Morphological Evolution of Rock-Slopes and Assessing the Rockfall Activity Index (RAI) Methodology
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Rockfall poses a significant monetary and life-safety hazard to transportation corridors in mountainous regions. In well-indurated, relatively continuous rock, the orientation and spacing of discontinuities can be quantified to investigate the interaction between distinct rock blocks, and subsequently perform stability analyses. However, in lower-quality, highly discontinuous rock, joint patterns are often too complex to perform traditional stability analyses. Rockfall hazard rating and rock mass classification methodologies have been adopted to provide relative rockfall hazard assessments of slopes in highly jointed rock, but these methods are subjective and have poor spatial resolution. The Rockfall Activity Index (RAI) developed by Dunham et al. (2017) uses high-resolution terrestrial laser scanning-derived point cloud models of rock-slope morphology to provide a higher resolution, quantifiable alternative to traditional hazard rating systems. Using outputs of rockfall detection algorithms at four study sites in Alaska, the efficacy of the RAI system is investigated, and modification to the RAI methodology is proposed to better represent rock-slope mass-wasting processes. Additionally, rockfall detection data is used to understand recession rates and morphological evolution of these rock-slopes.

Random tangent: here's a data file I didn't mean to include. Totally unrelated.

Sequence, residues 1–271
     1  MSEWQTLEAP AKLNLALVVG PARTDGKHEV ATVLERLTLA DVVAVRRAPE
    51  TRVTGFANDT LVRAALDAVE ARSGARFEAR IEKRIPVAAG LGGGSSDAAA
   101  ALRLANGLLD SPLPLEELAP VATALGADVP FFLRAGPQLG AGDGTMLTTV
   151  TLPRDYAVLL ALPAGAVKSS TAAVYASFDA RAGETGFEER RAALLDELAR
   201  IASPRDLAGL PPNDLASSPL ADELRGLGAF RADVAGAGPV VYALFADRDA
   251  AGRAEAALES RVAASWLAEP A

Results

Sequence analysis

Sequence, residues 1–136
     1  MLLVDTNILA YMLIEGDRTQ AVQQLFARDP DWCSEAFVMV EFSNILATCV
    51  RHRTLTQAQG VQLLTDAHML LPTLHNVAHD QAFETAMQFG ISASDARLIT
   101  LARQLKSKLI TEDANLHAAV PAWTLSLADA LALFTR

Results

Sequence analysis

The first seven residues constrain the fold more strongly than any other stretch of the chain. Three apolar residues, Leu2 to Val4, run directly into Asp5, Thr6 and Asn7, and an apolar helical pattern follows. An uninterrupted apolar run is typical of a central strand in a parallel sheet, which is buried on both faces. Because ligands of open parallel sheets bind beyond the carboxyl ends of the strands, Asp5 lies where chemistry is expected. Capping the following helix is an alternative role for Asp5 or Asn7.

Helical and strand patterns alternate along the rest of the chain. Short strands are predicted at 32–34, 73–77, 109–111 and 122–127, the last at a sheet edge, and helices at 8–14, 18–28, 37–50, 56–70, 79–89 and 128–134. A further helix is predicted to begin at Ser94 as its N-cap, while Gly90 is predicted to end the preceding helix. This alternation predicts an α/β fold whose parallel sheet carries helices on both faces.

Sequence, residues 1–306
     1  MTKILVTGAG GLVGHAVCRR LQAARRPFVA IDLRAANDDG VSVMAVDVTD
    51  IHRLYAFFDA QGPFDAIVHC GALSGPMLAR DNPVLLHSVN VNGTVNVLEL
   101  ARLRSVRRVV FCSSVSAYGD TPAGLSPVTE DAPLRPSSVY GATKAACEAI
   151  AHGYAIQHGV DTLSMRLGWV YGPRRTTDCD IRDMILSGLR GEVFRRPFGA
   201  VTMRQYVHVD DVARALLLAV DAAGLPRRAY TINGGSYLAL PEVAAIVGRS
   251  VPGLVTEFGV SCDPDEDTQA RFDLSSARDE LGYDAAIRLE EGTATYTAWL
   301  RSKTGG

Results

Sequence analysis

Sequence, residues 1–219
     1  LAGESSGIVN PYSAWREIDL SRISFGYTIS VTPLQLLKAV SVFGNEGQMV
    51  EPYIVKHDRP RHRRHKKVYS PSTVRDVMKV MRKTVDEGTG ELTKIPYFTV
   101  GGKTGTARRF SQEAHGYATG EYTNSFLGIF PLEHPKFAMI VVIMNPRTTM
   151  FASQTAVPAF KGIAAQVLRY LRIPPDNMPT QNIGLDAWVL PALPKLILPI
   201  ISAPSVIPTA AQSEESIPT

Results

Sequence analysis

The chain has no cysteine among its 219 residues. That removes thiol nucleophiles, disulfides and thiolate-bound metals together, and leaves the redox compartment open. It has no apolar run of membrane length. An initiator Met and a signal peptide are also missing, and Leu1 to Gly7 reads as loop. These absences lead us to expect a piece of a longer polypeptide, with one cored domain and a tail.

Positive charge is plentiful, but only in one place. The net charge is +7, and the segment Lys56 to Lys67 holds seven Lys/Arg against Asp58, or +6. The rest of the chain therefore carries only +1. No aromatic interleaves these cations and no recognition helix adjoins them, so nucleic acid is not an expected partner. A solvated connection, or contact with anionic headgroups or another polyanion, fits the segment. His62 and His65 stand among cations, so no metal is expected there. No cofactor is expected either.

- Civil engineering